Earlier this month, Graphisoft had a Building Together digital event where it discussed the current state of AEC collaboration as well as highlighted the recent developments in its product portfolio that were specifically focused on facilitating collaboration. This includes the release of a new product offering called Archicad Collaborate, which combines the use of its flagship BIM application, Archicad, with its cloud-based real-time project collaboration solution, BIMcloud.
Graphisoft is one of the earliest vendors of AEC technology solutions and its Archicad BIM application has been used in projects around the world. A snapshot of these is shown in Figure 1.
To capture the current state of design collaboration in AEC, Graphisoft commissioned an independent global survey among AEC firms that were using a varied set of tools and software ecosystems. One of the key findings of the study was that the industry was still relying heavily on emails, in-person and online meetings, and exchanging PDFs and markups of 2D drawings for collaboration. Less common approaches were exchanging BIM models and the use of the IFC file format, while at the lowest rung were the use of design collaborations tools and a CDE (Common Data Environment) platform. Thus, the most common approaches being used were those that did not support effective communication and collaboration, and they were especially poor in bringing other stakeholders in to provide their feedback and input. It wasn’t surprising, therefore, to find that poor communication was cited as the topmost challenge in meeting project objectives and outcomes.
At the same time, with the growing complexity of projects as well as the recent pandemic which forced remote working, the study found that more design firms were keen to adopt multi-disciplinary design. These are design solutions that integrate the core disciplines of architecture, structure, and building services, as well as landscape architecture and interior design. Graphisoft is taking steps to ensure that its product direction and strategy are aligned with this growing demand for multi-disciplinary collaborative design.
Leading the collaboration solutions in Graphisoft’s product portfolio is BIMcloud, which works as a shared resource for all the different project stakeholders where the project data lives while the work is in progress. The data, including models, can be accessed from anywhere and at any time. A firm can have multiple design projects in BIMcloud, with multiple teams on each project using different applications and file types (Figure 2). BIMcloud can be deployed by a firm on-premise or as a SaaS (software as a service) application.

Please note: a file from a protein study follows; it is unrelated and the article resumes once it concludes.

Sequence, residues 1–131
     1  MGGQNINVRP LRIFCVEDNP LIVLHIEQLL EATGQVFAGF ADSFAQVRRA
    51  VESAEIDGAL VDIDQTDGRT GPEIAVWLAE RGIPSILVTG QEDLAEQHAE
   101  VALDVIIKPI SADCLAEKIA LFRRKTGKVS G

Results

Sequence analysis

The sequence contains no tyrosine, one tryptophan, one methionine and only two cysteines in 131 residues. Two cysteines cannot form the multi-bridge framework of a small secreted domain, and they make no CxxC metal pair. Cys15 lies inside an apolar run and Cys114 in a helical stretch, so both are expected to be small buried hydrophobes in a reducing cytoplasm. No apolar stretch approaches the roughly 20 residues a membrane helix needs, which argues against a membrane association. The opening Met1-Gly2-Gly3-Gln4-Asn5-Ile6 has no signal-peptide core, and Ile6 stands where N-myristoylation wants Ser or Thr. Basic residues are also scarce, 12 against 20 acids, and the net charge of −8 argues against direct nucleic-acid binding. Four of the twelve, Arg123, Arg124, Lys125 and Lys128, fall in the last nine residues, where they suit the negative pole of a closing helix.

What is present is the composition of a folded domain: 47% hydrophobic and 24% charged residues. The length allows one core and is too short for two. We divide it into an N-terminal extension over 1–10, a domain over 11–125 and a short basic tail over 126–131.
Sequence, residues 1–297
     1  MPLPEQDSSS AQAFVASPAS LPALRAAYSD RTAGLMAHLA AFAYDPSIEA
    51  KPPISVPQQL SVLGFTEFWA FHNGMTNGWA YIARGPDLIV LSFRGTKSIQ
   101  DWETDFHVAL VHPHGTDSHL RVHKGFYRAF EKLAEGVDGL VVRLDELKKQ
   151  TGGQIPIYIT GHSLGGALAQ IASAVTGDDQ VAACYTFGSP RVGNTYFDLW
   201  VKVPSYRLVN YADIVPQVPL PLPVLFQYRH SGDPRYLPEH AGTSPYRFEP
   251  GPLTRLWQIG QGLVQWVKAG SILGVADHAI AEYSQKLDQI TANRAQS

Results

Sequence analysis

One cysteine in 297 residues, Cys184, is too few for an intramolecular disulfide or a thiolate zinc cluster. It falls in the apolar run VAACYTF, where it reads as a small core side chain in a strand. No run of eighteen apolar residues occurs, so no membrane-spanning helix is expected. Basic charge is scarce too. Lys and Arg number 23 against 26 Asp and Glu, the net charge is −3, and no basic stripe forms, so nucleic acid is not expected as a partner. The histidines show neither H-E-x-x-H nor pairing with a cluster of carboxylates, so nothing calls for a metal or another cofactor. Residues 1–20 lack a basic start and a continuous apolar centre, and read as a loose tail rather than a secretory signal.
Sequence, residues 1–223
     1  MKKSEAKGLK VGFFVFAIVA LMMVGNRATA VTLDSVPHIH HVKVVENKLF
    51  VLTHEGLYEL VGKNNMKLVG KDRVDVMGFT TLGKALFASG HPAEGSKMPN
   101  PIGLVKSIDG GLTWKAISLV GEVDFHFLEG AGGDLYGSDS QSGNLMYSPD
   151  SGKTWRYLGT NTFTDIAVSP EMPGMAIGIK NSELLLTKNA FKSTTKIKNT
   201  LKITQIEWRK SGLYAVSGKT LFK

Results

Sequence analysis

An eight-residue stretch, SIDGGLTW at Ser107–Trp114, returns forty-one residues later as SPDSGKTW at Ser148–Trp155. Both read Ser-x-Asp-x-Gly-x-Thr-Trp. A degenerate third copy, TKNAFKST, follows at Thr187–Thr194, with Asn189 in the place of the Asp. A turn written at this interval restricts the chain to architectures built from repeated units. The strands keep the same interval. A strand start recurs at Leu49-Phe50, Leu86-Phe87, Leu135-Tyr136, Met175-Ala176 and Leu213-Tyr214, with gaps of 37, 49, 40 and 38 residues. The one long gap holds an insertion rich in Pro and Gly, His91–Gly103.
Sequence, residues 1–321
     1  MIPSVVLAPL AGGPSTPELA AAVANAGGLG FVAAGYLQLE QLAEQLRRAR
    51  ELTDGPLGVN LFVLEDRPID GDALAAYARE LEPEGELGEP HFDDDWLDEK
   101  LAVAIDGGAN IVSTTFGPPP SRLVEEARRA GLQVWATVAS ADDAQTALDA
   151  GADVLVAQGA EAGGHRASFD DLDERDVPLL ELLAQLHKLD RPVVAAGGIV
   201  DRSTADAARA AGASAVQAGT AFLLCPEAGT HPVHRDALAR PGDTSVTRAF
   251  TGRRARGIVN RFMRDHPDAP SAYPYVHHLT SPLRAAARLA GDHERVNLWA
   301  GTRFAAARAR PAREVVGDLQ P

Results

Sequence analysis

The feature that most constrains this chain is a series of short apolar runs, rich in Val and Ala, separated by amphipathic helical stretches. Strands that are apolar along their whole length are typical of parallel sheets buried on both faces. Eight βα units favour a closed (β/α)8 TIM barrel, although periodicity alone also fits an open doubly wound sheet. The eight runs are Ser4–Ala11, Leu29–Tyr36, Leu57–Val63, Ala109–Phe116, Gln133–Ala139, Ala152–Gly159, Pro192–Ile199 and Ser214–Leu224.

BIMcloud is not just a shared platform where project files can be stored and accessed; it is, in fact, a model-based collaboration platform which can work with the individual elements within a BIM model. A great example of this was demonstrated at the event by showing how the Teamwork module within Archicad works with BIMcloud for real-time collaborative design (Figure 3). Team members can reserve parts of the model to work on and release them after they are done, enabling multiple people to work on the same model simultaneously, irrespective of where they are located. A “Delta” technology ensures that only changes to the model are updated, making the collaboration process very fast. Other features that facilitate communication include built-in instant messaging and the ability to quickly create and send screenshots and markups. It is possible for team members to work remotely without any Internet connection and sync the changes to the model when they are online. Also, BIMcloud automatically creates project snapshots and server backups on a regular basis.
As an example of a customer project which highlighted how Graphisoft’s Archicad and BIMcloud were being used for collaborative design, Graphisoft demonstrated the Merdeka 118 project in Kuala Lumpur, Malaysia, designed by the Australian firm, Fender Katsalidis. At 644 meters in height, Merdeka 118 is the second tallest building in the world and the tallest in Malaysia (Figure 4). The project was designed, constructed, and delivered with the collaboration of several architectural partners and stakeholders, as well as structural, civil, geotechnical, and MEP engineers from different parts of the world. Archicad was used for the architectural design, to prepare the model for structural analysis and MEP engineering, and to create detailed drawings and documentation that could communicate the design to other project stakeholders and manufacturers (Figure 5). It allowed the architectural team to create their own data-driven library parts that were crucial to the design. They were also able to easily embed the engineering models within Archicad to provide a consolidated view of the project.
Graphisoft’s product portfolio also includes the BIMx mobile app, which directly addresses the communication aspect of collaboration by allowing architects to present their designs to clients and other stakeholders in the form of navigable 3D models and the associated 2D documentation on any device. The app uses streaming technology that makes viewing models very fast, even for complex projects. It includes options such as 3D cutaways for better understanding of the design (Figure 6), and it can be linked to BIMcloud, which allows any changes made to the model to be updated immediately in the app.